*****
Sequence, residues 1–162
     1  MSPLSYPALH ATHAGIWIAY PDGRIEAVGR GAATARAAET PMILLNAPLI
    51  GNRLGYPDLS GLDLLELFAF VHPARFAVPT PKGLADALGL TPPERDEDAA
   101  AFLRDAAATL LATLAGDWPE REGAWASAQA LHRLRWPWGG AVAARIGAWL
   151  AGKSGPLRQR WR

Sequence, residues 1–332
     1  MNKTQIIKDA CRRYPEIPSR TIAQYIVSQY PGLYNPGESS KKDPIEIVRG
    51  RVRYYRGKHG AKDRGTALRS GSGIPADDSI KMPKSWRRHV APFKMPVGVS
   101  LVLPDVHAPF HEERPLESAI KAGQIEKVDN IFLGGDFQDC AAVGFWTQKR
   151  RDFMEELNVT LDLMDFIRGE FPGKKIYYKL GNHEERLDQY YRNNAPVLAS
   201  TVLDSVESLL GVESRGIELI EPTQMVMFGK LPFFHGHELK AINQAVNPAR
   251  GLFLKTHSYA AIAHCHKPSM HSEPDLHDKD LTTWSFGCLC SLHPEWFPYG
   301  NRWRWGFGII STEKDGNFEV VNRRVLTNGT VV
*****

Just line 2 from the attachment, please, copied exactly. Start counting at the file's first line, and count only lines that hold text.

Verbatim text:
     1  MSPLSYPALH ATHAGIWIAY PDGRIEAVGR GAATARAAET PMILLNAPLI